Confucius and Mencius are still influential today. They talk about morals and self-independence first, leading to love and a willingness to touch the lives and behaviors of others, thereby achieving “effortless management” where everyone behaves well and according to their own will.

But in today’s modern organisations the biggest misconception is that everyone can do what they like all of the time.

For a self-management model to be successful, individual responsibilities and a collective purpose need to be crystal clear — more so, even, than in a traditional hierarchy. Yes, there can be fluidity in the execution and creativity in the decision-making, but the parameters within roles and objectives need universal agreement.

One of the main issues in my experience is that even taking the word “manager” away from a job description doesn’t prevent certain people from acting like one.

Hierarchies are entrenched, not only in businesses but deep in people’s psyches. Subconscious authority or submissiveness is hidden within us all no matter how hard we try to suppress it.

Put simply: Old habits die hard.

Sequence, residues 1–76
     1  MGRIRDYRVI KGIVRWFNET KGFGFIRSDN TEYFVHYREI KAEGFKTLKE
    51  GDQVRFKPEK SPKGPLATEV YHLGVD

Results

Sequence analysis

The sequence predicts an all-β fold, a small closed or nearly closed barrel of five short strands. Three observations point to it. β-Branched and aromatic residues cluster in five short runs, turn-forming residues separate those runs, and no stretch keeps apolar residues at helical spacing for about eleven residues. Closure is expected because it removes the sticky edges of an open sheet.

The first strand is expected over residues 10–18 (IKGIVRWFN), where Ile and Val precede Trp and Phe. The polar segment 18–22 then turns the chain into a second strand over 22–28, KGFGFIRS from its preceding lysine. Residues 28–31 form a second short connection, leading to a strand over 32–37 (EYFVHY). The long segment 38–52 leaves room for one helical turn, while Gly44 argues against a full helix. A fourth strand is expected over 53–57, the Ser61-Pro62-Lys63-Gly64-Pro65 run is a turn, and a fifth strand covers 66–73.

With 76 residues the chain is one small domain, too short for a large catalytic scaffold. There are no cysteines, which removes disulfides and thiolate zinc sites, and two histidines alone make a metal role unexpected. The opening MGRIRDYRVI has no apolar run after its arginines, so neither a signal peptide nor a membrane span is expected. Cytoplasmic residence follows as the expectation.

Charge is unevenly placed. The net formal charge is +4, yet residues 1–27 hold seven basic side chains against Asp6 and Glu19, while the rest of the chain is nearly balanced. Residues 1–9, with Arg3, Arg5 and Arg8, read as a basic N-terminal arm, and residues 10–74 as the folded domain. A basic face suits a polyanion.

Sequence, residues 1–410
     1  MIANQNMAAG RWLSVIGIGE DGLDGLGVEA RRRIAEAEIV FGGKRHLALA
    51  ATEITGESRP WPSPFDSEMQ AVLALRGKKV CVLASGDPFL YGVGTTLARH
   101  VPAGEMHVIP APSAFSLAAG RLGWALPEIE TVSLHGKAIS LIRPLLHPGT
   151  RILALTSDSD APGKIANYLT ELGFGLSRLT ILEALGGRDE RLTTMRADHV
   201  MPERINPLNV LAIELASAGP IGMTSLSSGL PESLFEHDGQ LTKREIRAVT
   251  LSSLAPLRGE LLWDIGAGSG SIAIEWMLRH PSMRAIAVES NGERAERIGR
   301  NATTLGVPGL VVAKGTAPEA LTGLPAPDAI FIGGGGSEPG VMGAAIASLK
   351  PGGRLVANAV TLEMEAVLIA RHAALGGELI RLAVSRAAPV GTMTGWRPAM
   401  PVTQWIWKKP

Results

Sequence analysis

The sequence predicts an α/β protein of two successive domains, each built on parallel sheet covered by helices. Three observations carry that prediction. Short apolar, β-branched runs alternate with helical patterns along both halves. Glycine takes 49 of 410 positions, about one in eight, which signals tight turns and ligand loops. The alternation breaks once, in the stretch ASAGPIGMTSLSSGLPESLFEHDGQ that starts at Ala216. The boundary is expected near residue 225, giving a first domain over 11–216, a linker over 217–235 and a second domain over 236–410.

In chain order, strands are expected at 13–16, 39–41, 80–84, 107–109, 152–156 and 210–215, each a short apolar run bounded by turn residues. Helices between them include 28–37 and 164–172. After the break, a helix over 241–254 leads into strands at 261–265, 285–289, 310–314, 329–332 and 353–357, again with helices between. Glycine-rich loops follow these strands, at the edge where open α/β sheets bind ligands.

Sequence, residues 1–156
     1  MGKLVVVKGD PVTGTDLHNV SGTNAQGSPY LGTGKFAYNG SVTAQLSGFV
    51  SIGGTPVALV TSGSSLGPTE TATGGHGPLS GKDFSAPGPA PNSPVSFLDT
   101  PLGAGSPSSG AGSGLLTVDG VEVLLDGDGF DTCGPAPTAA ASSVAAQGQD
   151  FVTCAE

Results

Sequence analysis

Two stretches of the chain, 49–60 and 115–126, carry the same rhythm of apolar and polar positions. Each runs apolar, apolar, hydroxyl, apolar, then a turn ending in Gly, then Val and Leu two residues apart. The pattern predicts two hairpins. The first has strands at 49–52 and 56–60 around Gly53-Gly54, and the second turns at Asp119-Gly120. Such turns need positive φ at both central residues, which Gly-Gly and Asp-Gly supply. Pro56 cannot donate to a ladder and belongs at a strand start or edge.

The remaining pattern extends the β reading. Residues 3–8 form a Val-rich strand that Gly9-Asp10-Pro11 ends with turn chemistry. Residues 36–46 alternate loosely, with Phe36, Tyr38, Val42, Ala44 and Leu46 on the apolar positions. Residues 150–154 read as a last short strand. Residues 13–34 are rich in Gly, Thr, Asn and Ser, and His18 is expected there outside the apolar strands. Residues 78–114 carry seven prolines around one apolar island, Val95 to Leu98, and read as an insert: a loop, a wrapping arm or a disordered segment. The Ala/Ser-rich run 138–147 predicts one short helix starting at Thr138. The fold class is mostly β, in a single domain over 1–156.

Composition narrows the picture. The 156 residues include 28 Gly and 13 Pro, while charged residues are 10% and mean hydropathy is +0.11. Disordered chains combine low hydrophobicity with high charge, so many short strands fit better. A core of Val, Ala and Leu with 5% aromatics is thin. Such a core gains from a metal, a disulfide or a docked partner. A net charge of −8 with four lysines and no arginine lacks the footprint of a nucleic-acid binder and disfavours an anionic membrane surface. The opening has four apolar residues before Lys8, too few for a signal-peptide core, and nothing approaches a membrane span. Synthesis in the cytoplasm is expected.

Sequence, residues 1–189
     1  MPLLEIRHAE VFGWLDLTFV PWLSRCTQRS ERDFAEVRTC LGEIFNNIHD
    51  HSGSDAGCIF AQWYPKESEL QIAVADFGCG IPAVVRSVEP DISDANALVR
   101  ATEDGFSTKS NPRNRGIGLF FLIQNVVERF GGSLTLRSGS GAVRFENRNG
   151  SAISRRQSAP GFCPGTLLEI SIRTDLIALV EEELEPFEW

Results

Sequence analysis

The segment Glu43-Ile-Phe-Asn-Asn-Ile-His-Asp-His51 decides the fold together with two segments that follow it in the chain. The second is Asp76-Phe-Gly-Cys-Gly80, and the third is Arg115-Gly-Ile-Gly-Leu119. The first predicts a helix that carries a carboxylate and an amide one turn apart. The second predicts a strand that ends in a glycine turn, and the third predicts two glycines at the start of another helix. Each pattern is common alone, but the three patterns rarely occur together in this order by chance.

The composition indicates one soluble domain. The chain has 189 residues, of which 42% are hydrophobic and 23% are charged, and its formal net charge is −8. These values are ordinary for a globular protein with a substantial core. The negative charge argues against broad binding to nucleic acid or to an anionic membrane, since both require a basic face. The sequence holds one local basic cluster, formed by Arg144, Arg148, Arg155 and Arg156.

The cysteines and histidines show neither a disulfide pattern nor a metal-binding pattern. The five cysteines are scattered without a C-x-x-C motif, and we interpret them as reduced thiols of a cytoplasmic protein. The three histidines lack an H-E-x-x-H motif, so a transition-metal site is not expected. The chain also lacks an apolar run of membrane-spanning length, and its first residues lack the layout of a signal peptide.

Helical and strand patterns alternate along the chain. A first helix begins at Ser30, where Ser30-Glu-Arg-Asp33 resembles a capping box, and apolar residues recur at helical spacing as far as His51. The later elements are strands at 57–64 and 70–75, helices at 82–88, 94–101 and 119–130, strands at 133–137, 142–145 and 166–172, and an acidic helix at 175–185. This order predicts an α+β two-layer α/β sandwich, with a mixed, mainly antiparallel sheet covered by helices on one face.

Many people are ingrained to command rather than inspire. They delegate, they don’t collaborate. These are natural instincts in our current society that are tough to shake.

Truly great managers, regardless of the organisation they are in, make it less about the hierarchy and more about the teamwork they can encourage to flourish. Their job title is ultimately irrelevant. They become role models rather than conventional leaders.

More often, poor understanding of what being a role model means creates “hidden” hierarchies — and that can be even more dangerous than the traditional model of authority you are trying so hard to avoid. It leads to unofficial “gatekeepers” that are even harder to navigate around. Self-management becomes impossible because nobody feels they are empowered to make decisions. Everything gets kicked upstairs to the CEO who finds himself signing off on new stationery requests and company quiz nights.